A few minutes every morning is all you need.
Stay up to date on the world's Headlines and Human Stories. It's fun, it's factual, it's fluff-free.
If you haven’t heard of Andrew Tate, honestly, congratulations. He’s an American-British former kickboxer who got kicked off of the reality TV show “Big Brother" back in 2016 after some homophobic and racist tweets and footage surfaced of him beating a woman with a belt. Tate said the video showed consensual sex, but it certainly didn’t help his image. He’s a self-described sexist and misogynist and has in the past said that women are “intrinsically lazy" and that there’s “no such thing as an independent female," comparing women to dogs. Not the most charming fellow.
Well, it turns out that social media companies don’t really think so, either. He recently got kicked off of TikTok, Facebook and Instagram for, well, all the stuff we just talked about. The reason it matters, though, is that he had a huge following. On Instagram, he had 4.7 million followers when his account was deleted (having gone up dramatically from the roughly one million followers he had in June of this year). On TikTok, videos tagged #AndrewTate had been viewed around 13 billion times.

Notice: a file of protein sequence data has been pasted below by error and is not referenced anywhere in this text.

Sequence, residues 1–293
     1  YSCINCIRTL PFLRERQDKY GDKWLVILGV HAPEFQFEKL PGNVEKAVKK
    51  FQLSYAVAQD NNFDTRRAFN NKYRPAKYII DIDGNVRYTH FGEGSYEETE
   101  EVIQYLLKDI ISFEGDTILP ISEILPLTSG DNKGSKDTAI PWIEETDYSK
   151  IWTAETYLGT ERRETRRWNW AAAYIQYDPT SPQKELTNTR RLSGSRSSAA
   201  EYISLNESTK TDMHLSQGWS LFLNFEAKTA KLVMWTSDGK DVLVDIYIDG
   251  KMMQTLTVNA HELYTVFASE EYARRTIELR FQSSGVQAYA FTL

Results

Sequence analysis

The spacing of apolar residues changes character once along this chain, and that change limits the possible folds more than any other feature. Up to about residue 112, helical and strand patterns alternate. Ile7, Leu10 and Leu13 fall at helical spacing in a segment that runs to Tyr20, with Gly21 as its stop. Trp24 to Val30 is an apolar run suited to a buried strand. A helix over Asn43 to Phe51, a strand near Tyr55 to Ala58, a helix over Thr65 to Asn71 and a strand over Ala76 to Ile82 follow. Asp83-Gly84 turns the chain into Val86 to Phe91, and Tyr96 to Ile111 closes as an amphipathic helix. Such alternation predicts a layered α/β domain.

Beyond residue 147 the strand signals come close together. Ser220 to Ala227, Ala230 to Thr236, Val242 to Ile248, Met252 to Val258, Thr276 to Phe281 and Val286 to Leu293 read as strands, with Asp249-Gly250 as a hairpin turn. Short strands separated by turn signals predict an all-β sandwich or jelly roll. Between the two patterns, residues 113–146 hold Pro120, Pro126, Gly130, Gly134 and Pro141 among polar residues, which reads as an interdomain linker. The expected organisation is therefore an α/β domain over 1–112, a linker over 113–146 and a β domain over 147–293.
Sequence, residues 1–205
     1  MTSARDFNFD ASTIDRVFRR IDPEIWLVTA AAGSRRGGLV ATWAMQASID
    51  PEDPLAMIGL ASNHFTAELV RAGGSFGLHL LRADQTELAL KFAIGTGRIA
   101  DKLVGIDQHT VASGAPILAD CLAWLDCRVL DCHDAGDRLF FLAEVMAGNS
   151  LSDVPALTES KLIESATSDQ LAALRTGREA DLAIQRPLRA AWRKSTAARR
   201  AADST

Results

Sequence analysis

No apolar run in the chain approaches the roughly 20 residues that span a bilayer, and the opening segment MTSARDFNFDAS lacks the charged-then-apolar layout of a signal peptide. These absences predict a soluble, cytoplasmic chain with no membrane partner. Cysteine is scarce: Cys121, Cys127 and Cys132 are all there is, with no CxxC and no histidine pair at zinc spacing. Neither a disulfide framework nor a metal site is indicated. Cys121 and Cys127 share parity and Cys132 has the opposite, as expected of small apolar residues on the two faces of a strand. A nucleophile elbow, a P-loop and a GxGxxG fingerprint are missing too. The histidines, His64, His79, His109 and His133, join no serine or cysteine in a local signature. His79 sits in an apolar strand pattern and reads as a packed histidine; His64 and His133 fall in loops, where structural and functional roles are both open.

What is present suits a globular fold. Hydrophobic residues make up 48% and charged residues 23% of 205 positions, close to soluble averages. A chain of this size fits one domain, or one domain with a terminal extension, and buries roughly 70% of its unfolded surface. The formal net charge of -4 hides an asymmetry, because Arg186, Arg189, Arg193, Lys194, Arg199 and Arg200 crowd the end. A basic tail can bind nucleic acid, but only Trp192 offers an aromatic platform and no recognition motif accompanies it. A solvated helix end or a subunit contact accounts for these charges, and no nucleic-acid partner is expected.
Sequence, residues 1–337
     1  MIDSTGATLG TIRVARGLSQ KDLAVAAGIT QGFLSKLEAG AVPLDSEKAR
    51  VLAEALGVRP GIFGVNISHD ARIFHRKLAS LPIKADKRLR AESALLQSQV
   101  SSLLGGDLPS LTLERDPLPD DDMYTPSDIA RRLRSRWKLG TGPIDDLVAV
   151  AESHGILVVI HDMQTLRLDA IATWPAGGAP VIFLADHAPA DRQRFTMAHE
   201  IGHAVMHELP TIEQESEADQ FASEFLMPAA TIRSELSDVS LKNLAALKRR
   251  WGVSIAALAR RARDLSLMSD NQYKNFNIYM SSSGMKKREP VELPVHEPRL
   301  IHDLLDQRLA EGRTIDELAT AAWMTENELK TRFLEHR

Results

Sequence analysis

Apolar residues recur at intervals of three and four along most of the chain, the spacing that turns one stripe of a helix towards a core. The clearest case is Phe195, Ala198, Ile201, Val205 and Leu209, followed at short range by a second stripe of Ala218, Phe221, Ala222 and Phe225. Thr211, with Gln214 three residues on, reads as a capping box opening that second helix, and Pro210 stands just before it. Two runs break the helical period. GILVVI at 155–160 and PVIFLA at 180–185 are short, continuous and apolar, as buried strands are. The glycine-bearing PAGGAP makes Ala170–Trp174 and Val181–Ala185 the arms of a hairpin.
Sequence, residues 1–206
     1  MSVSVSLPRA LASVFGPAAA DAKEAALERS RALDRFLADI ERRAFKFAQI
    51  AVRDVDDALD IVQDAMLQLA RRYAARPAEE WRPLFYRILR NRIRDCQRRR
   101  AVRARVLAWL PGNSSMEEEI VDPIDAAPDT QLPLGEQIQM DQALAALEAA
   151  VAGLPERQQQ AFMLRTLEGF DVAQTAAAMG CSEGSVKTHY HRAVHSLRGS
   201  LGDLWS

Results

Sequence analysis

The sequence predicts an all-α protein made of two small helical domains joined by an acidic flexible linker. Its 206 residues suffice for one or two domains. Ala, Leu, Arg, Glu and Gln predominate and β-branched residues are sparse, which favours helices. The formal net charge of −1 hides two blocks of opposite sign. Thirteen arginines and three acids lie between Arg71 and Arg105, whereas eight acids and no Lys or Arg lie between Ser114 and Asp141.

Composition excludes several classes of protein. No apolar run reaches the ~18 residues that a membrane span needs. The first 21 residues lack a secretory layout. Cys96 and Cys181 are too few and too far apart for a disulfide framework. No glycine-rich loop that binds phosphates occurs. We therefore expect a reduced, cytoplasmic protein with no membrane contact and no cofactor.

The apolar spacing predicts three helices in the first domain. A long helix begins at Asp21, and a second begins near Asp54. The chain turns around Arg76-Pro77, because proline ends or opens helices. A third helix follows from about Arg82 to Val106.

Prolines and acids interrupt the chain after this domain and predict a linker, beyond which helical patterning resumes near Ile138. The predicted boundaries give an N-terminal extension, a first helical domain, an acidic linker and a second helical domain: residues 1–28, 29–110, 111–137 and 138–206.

“Misogyny is a hateful ideology that is not tolerated on TikTok," said a spokesperson from the company. “Our investigation into this content is ongoing, as we continue to remove violative accounts and videos, and pursue measures to strengthen our enforcement, including our detection models, against this type of content." Meta said it took him off the platform because he had violated its rules about dangerous individuals and organizations, but it wouldn’t specify exactly how.
Aside from the ridiculous nature of those kinds of comments, there has been some real concern about what people – particularly teen boys – could be taking away from his content. Younger users have reportedly been served up more of his content during breaks from school. Analysts are raising flags about what this means for anti-women content on social media and how well it is (or isn’t) regulated.